The genre of travel literature includes outdoor literature, exploration literature, adventure literature, nature writing, and the guide book, as well as accounts of visits to foreign countries.〔J. A. Cuddon, ''The Penguin Dictionary of Literary Terms and Literary Theory''. London: Penguin Books, 1999, p. 937.〕
The subgenre of travel journals, diaries and direct records of a traveler's experiences, dates back to Pausanias in the 2nd century AD and James Boswell's 1786 ''Journal of a Tour to the Hebrides''.
== History ==
Early examples of travel literature include Pausanias' ''Description of Greece'' in the 2nd century CE, and the travel journals of Ibn Jubayr (1145–1214) and Ibn Batutta (1304–1377), both of whom recorded their travels across the known world in detail. The travel genre was a fairly common genre in medieval Arabic literature.
Travel literature became popular during the Song Dynasty (960–1279) of medieval China.〔Hargett 1985, p. 67.〕 The genre was called 'travel record literature' (youji wenxue), and was often written in narrative, prose, essay and diary style.〔Hargett 1985, pp. 67–93.〕 Travel literature authors such as Fan Chengda (1126–1193) and Xu Xiake (1587–1641) incorporated a wealth of geographical and topographical information into their writing, while the 'daytrip essay' ''Record of Stone Bell Mountain'' by the noted poet and statesman Su Shi (1037–1101) presented a philosophical and moral argument as its central purpose.〔Hargett 1985, pp. 74–76.〕
One of the earliest known records of taking pleasure in travel, of travelling for the sake of travel and writing about it, is Petrarch's (1304–1374) ascent of Mount Ventoux in 1336. He states that he went to the mountaintop for the pleasure of seeing the top of the famous height. His companions who stayed at the bottom he called ''frigida incuriositas'' ("a cold lack of curiosity"). He then wrote about his climb, making allegorical comparisons between climbing the mountain and his own moral progress in life.
Michault Taillevent, a poet for the Duke of Burgundy, travelled through the Jura Mountains in 1430 and left us with his personal reflections, his horrified reaction to the sheer rock faces, and the terrifying thunderous cascades of mountain streams. Antoine de la Sale (c. 1388–c. 1462), author of ''Petit Jehan de Saintre'', climbed to the crater of a volcano in the Lipari Islands in 1407, leaving us with his impressions. "Councils of mad youth" were his stated reasons for going. In the mid-15th century, Gilles le Bouvier, in his ''Livre de la description des pays'', gave us his reason to travel and write:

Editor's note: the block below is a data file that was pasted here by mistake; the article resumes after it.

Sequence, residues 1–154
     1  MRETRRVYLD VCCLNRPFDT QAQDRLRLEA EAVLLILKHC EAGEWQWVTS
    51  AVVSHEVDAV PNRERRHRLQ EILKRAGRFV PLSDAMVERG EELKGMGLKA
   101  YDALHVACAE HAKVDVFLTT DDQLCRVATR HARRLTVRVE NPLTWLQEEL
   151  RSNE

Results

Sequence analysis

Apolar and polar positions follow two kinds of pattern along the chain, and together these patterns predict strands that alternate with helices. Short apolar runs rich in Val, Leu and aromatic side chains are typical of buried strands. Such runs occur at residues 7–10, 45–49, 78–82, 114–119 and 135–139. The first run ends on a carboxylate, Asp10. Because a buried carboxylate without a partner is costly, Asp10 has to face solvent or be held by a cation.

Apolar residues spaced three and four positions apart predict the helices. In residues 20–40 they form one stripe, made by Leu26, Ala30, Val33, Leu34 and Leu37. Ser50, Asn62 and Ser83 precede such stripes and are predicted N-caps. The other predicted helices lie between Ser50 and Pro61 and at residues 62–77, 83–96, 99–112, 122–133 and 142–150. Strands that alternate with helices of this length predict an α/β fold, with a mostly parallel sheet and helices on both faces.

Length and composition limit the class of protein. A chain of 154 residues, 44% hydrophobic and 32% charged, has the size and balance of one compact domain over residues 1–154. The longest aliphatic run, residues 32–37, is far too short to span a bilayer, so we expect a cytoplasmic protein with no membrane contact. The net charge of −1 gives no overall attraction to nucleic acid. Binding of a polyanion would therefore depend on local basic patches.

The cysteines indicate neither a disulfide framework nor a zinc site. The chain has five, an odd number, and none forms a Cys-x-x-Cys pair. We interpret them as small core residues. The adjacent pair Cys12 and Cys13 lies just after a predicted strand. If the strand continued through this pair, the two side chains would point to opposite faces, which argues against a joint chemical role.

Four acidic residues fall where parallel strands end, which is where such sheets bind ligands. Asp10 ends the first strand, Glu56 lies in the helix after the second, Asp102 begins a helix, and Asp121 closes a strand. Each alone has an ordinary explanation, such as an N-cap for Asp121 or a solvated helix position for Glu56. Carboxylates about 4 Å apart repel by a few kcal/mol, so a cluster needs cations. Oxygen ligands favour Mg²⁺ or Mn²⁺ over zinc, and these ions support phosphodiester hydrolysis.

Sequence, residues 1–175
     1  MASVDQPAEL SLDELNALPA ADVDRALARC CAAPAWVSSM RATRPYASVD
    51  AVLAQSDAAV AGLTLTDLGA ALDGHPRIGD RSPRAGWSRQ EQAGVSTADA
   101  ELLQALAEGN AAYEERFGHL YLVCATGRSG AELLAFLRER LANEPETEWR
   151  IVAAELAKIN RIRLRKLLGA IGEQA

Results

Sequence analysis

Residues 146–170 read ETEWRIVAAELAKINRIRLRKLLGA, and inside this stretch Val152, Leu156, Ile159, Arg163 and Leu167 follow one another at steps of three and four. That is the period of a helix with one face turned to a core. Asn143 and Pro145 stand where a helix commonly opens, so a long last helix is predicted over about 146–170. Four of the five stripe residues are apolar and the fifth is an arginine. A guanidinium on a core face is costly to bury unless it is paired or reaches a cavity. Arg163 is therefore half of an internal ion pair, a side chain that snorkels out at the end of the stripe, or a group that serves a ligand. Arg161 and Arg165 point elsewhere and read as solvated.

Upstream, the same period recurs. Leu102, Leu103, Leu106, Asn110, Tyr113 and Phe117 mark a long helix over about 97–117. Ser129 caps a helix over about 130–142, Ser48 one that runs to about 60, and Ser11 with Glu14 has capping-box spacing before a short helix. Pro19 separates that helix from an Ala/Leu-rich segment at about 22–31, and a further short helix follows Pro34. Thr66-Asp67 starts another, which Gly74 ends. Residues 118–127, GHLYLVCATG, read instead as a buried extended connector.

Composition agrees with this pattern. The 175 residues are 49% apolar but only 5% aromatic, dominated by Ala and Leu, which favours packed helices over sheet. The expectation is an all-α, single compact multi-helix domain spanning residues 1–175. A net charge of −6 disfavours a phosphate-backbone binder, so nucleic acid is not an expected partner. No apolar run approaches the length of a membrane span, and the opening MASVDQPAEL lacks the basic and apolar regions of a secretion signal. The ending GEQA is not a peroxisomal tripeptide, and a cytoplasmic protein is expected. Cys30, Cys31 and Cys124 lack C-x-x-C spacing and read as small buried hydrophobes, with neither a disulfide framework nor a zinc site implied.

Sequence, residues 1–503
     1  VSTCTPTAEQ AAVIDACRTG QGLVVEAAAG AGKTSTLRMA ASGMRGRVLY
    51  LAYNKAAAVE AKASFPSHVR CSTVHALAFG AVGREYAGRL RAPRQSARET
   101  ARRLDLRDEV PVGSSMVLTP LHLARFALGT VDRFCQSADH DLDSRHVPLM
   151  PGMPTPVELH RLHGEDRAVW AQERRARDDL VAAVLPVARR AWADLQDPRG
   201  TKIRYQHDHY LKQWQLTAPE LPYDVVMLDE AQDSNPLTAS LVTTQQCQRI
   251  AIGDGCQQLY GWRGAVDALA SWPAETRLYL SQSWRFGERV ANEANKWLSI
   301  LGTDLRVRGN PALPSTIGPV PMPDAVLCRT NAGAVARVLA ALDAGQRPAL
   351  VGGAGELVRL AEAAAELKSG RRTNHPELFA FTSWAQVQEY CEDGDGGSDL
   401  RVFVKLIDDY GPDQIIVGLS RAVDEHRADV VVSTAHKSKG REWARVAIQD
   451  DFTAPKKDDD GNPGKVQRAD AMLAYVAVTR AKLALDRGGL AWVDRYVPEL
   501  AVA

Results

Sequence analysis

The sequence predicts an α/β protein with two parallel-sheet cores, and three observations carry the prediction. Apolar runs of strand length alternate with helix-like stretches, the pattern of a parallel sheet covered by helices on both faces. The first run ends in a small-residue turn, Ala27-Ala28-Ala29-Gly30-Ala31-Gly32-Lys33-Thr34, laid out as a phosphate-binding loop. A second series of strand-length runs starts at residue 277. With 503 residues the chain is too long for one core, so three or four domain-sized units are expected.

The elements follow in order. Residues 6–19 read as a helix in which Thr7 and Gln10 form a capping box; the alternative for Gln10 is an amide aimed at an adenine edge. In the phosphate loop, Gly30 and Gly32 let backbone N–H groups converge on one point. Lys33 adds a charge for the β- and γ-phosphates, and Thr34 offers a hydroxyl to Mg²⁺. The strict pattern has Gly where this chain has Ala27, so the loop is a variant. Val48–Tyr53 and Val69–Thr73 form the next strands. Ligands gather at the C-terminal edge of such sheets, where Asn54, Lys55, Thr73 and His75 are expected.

:Because many people of diverse nations and countries delight and take pleasure, as I have done in times past, in seeing the world and things therein, and also because many wish to know without going there, and others wish to see, go, and travel, I have begun this little book.
In 1589, Richard Hakluyt (c. 1552–1616) published ''Voyages'', a foundational text of the travel literature genre.
In the 18th century, travel literature was commonly known as the book of travels, which mainly consisted of maritime diaries.〔Stolley 1992, p. 26.〕 In 18th century Britain, almost every famous writer worked in the travel literature form.〔Fussell 1963, p. 54.〕 Captain James Cook's diaries (1784) were the equivalent of today's best sellers.
Other later examples of travel literature include accounts of the Grand Tour. Aristocrats, clergy, and others with money and leisure time travelled Europe to learn about the art and architecture of its past. One tourism literature pioneer was Robert Louis Stevenson (1850–1894), with ''An Inland Voyage'' (1878), and ''Travels with a Donkey in the Cévennes'' (1879) about his travels in the Cévennes, (France), is among the first popular books to present hiking and camping as recreational activities, and tells of commissioning one of the first sleeping bags.〔''Travel with a Donkey in the Cevennes'' (1879); Re the first sleeping bag in 1876 ()〕 A very popular subgenre of travel literature started to emerge in the form of narratives of exploration, a still unexplored source for colonial and postcolonial studies.〔F. Regard, ''British Narratives of Exploration: Case Studies of the Self and Other'', London, Pickering and Chatto, 2009.〕
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